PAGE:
Plaintiff moves to add negligence and deliberate indifference claims against two new treating sources - Dr. J. Kim and R.N. L. Montebon. According to Plaintiff, he discovered their roles on October 14, 2014, when he received Defendants' responses to interrogatories.

In Plaintiff's Second Amended Complaint, he alleged that Defendant Clark failed to order antibiotics after an examination on January 18, 2011. He also alleges that he never received the wheelchair ordered by Defendant Clark on the same day.

Now, Plaintiff states that he has learned the initials of individuals on a January 18, 2011, physician's order. He states that Defendant Clark did, in fact, order antibiotics, but Dr. Kim, identified from the initials "J.M.", discontinued the order shortly after it was written. He alleges that Dr. Kim should not have discontinued the order for antibiotics without interviewing or examining Plaintiff.

Similarly, Plaintiff contends that he has identified another individual who signed the same order as R.N. Montebon. He alleges that she noted both orders of Defendant Clark and Dr. Kim, and had a duty under CDCR policy to issue Plaintiff a wheelchair before releasing him back to his yard.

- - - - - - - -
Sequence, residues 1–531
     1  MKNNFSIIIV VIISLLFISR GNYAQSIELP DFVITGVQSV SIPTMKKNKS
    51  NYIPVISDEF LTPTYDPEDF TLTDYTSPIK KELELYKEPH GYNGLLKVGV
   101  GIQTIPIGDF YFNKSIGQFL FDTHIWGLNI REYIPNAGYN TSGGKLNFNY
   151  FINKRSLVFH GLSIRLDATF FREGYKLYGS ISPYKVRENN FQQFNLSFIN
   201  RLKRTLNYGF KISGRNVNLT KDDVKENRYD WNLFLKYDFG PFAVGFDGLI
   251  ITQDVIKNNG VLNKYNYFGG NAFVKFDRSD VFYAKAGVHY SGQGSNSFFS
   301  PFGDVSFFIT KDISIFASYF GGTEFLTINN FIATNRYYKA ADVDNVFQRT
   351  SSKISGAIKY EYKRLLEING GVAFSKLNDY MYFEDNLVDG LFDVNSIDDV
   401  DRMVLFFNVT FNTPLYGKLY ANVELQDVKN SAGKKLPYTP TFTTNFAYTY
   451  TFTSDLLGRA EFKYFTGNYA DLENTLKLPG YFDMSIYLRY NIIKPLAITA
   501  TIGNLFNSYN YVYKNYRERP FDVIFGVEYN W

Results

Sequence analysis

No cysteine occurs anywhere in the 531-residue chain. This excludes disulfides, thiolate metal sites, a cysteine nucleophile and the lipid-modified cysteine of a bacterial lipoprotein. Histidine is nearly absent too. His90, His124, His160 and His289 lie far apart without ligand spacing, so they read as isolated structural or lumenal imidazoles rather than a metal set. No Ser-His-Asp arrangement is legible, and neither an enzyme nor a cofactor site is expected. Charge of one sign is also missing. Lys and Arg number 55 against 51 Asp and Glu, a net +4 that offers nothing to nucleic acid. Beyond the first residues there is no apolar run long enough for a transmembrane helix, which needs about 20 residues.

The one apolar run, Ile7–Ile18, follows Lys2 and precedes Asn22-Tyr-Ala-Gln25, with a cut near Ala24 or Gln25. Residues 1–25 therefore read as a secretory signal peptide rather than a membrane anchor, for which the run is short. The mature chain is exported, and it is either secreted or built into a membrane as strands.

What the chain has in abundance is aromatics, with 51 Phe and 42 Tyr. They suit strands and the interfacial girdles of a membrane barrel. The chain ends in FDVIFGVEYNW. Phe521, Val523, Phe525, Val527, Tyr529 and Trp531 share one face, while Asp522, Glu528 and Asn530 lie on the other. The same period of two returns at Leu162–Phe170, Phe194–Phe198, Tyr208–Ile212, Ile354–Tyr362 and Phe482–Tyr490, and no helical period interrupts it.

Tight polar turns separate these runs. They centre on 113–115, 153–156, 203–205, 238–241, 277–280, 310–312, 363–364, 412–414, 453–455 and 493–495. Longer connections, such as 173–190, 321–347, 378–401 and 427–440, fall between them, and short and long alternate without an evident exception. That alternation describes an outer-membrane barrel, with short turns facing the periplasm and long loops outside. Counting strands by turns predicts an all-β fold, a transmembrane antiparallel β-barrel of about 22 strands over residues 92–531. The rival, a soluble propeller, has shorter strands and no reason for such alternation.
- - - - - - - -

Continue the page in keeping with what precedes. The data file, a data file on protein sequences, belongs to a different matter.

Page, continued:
In opposing the motion, Defendants argue only that the amendments would be futile. To support their contention, they cite arguments and evidence presented in the pending motions for summary judgment. For example, Defendants argue that evidence presented in support of their motion for summary judgment shows that Plaintiff cannot establish that the failure to prescribe antibiotics on January 18, 2011, caused his January 28, 2011, infection. Under this theory, Defendants argue that since Dr. Kim and R.N. Montebon are alleged to have acted on January 18, 2011, Plaintiff cannot establish causation. Defendants also cite to expert evidence in support of their motion for summary judgment suggesting that the type of infection Plaintiff incurred can occur notwithstanding proper care and treatment.